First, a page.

So it leaves me in somewhat of a quandary; these organisations want to do good things with the data but my existing constructs make that impossible. Let me talk about the sorts of things they want to do though as that will put things in more perspective and I’ll start with an example. Someone sent me this from Amazon just the other day, have a read:

Subject: Your Amazon password has been changed
Date: March 16, 2016 at 4:02:41 PM CDT
To: [redacted]


At Amazon we take your security and privacy very seriously. As part of our routine monitoring, we discovered a list of email address and password sets posted online. While the list was not Amazon-related, we know that many customers reuse their passwords on several websites. We believe your email address and password set was on that list. For your security, we have assigned a temporary password to your account.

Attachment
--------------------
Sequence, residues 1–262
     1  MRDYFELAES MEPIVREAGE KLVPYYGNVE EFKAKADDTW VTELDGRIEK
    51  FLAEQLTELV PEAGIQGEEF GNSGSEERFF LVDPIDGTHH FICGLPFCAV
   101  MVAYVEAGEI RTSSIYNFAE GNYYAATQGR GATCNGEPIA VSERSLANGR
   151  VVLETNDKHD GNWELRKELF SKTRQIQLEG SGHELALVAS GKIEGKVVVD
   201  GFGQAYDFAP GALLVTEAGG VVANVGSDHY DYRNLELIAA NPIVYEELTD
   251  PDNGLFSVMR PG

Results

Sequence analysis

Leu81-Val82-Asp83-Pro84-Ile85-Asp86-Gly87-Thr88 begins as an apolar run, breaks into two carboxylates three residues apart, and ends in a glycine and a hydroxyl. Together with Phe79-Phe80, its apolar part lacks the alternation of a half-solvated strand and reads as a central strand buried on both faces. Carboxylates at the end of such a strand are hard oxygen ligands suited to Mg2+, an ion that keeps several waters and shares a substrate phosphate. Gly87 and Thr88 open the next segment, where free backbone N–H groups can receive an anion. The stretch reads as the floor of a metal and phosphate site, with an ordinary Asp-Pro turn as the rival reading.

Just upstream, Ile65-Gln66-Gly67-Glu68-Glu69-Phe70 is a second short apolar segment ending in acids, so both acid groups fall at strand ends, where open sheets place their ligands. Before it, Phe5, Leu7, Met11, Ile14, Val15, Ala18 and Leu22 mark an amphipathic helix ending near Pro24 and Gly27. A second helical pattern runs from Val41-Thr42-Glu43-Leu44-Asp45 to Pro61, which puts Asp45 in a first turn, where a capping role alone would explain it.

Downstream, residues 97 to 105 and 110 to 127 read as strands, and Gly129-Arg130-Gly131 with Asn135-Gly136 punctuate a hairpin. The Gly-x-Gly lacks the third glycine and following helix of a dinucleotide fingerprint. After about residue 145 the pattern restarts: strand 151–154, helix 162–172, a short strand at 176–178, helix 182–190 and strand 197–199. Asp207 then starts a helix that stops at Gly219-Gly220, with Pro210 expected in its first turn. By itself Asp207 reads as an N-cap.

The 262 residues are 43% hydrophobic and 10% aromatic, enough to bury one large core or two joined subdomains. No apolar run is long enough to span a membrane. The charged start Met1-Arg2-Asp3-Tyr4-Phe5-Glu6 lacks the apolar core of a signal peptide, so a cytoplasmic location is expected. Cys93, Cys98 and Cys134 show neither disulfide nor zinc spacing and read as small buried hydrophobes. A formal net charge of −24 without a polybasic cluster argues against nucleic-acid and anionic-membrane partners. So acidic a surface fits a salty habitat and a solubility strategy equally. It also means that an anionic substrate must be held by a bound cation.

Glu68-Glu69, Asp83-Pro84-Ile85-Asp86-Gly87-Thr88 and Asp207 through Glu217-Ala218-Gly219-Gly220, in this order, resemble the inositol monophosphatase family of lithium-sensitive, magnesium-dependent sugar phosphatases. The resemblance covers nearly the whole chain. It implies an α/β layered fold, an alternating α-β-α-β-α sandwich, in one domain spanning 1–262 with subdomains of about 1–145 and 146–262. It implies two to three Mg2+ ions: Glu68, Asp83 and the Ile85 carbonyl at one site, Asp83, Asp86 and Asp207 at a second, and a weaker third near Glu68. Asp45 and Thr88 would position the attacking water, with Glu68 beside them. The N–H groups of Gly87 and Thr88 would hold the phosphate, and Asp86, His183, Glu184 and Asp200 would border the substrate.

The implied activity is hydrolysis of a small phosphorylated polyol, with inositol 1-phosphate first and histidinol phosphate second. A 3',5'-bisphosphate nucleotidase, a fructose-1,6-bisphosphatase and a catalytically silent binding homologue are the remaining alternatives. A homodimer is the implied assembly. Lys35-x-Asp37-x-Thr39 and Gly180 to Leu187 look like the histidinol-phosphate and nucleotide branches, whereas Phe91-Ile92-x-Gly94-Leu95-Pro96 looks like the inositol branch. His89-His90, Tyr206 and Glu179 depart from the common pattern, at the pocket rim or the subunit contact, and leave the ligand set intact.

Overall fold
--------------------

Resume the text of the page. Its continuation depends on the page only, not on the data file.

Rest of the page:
You will need to reset your password when you return to the site. To reset your password, click "Your Account" at the top of any page on On the Sign In page, click the "Forgot your password?" link to reach the Password Assistance page. After you enter your email or mobile phone number, you will receive an email containing a personalized link. Click the link from the email and follow the directions provided.

Your new password will be effective immediately. We recommend that you choose a password that you have never used with any website.